By Manuel Bauer

While MS has been around for over a century, the addition of liquid chromatography-mass spectrometry (LC-MS) in clinical testing laboratories has only become feasible in the last 15 to 20 years. Judith Stone, Senior CLS Specialist, shares her experience with implementing LC-MS in the clinical diagnostics lab. Judith examines what drives adoption of LC-MS in the diagnostic lab, effective operation with scale and cost pressure (in other words…how to still make some money on testing), the importance of automated liquid sample handling, and increasing FDA oversight on laboratory developed tests (LDTs).

Creating an effective liquid sample preparation workflow 

The decision to add LC-MS to the testing instrumentation line up is not one that most clinical labs take lightly. With the overall goal of the lab to increase productivity and lower costs, the installation of mass spectrometry comes with well-known hurdles including the presumed difficulty of use and the upfront investment expense. Judith describes a successful approach of having vendors work together to maintain effective lab operations. 

It is critical to ensure that you align the selected LC-MS vendor with the automated sample handling vendor, such as Tecan and the Freedom EVO liquid handling platform. Judith comments:

I think that Dan Holmes laboratory up in Vancouver is a great example (Dan Holmes, MD, Division Head, Clinical Chemistry, St. Paul’s Hospital). They actually bought both at the same time and they took off like a rocket in terms of what they were able to do.

Liquid handling vendors, such as Tecan partner with the mass spec vendors to provide an optimized package to facilitate start up.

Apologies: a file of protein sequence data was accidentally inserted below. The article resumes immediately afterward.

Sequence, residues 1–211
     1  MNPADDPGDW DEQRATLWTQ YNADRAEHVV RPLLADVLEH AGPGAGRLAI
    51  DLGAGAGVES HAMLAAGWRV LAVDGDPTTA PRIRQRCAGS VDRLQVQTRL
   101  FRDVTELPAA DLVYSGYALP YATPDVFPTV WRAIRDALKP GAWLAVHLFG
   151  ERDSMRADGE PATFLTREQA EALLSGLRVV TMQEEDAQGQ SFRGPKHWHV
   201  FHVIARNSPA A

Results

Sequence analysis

Automation for LC-MS sample prep

Judith goes on to address the importance of automation when considering questions of scale and cost pressure. The need to automate becomes a critical solution for sample preparation for the mass spectrometer in order to overcome sample preparation bottlenecks that develop as test volumes increase. In particular, the management of laboratory information is a critical component that vendors working together helps to address. 

With an increasing attention given to Food and Drug Administration (FDA) oversight of MS Laboratory Developed Tests (LDTs), Judith stresses the importance of applying and maintaining Good Lab Practices (GLP).

She describes minimizing regulatory pressures …

To me, I think the thing to do is to say, ‘What is good laboratory practice?’, ‘What should I be doing?’ and ‘How can I do that in my mass spectrometer lab?’

She once again stresses the need to work with vendors, as well as others in the clinical industry, to approach this increased attention with a positive frame of mind to ensure quality test results.

This video is a must-watch for anyone thinking of adding LC-MS and sample handling automation to their laboratory, including medical, clinical or diagnostic lab directors, lab managers, scientists, purchasers, executives and regulatory personnel.

How can you do it?

Discover the value that a fully integrated, automated liquid handling system can bring to your lab. Watch the video now.  




About the author

Dr Manuel Bauer

Dr Manuel Bauer

Dr. Manuel Bauer joined Tecan Switzerland in 2013 and is responsible as Senior Market & Product Manager for Tecan's automated MS sample preparation offering and the Tecan D300e digital dispenser. He studied Biology at the University of Würzburg and Free University of Berlin. During his PhD at the ETH Zürich he focused on systems biology, and has also applied various MS-based proteomics techniques during his post doc at the Biozentrum Basel.